BARRING theological and even moral arguments aside, a dysfunctional justice system, which has become all the more observable today, should be one of the biggest arguments why death penalty must not be re-imposed.
Hoodlums in robes who have been accused of endemic bribery, a judicial process that thrives more on technicality and legalese rather than truth, a justice department that has been long suffering from deep-seated credibility crisis—all these make the re-imposition of capital punishment not only stupid but futile.
But the pro-death penalty proponents seem not to get the logic. For them the best way to deter the commission of heinous crimes is death. Call it fanaticism or obstinacy but such point of view does not jibe with empirical fact and scientific evidence. Countries or states that have lived with capital punishment have not lessened a bit both criminals and criminality. Because, simply put, the commission of a crime does not premeditate the consequence of a punishment.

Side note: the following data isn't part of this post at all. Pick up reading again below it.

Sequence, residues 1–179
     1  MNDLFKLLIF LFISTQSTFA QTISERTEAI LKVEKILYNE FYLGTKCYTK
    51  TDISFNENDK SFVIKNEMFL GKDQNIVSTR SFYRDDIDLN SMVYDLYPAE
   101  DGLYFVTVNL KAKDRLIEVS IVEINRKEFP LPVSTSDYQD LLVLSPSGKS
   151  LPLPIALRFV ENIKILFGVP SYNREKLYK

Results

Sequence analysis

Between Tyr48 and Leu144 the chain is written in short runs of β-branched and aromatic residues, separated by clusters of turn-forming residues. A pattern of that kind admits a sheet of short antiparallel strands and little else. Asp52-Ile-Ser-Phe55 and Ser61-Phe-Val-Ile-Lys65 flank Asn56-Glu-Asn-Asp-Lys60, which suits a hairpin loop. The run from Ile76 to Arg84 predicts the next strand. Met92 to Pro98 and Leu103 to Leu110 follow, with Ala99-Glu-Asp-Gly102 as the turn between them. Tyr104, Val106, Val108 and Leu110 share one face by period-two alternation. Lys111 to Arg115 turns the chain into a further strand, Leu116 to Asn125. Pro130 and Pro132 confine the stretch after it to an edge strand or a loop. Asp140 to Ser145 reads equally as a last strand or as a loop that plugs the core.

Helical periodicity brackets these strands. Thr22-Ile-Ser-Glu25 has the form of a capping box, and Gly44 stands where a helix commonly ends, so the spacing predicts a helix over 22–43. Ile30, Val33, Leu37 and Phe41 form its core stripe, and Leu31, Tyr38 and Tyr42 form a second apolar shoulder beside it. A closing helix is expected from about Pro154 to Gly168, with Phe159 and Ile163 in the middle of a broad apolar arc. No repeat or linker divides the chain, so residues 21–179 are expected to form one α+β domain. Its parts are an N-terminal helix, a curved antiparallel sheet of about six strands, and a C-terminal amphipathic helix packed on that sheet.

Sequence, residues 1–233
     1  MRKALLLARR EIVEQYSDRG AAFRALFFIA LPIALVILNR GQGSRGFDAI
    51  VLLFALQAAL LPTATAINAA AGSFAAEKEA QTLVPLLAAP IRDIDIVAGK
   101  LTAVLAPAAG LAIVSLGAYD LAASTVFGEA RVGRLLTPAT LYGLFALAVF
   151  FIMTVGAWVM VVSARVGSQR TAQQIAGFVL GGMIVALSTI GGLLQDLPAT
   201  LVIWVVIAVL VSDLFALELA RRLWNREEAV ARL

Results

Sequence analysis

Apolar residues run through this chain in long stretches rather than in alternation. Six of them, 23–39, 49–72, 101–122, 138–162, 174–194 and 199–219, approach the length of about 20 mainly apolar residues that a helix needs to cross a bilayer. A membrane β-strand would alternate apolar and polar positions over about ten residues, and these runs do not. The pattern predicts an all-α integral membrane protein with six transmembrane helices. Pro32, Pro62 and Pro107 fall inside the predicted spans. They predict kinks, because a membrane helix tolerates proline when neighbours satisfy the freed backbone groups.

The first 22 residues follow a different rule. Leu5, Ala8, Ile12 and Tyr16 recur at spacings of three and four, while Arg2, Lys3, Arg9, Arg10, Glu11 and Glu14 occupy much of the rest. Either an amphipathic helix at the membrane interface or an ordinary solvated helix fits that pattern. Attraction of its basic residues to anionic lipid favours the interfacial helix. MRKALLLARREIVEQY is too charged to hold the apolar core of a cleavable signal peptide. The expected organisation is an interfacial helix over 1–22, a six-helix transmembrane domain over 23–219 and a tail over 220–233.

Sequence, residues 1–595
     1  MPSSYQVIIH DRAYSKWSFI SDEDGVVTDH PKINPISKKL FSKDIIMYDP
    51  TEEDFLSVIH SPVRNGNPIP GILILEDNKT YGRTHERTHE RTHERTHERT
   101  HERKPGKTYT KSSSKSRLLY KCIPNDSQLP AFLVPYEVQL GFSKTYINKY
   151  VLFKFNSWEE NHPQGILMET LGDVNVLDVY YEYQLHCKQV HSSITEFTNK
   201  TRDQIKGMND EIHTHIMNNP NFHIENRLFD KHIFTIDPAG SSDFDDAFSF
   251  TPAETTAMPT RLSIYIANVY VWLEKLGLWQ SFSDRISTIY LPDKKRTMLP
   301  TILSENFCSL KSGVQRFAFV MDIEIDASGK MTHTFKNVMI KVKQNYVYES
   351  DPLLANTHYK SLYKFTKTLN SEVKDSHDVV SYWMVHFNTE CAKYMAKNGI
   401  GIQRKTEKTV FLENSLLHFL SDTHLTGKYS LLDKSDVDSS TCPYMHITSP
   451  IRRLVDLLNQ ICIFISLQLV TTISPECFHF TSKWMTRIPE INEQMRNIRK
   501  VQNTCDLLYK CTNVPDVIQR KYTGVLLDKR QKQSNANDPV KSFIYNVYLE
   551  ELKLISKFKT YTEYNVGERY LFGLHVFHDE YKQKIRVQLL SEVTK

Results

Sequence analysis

In the first place, the issue is not about death penalty. It’s about law enforcement and justice system.
“The reform of our law enforcement and justice system so that speedy justice will be meted out to all offenders of the law, especially to grave offenders, regardless of economic and social status. Such a reform is a more effective deterrent for crimes than capital punishment would be, and it will help establish an atmosphere of peace and order,” said the Catholic Bishops’ Conference of the Philippines in a statement in 1992 on the non-restoration of the death penalty.
With a sullied justice system, real and moneyed criminals may not be placed behind bars; only the poor ones whose poverty has condemned them to become scapegoats of a system protected with legal technicalities but deprived of ethics.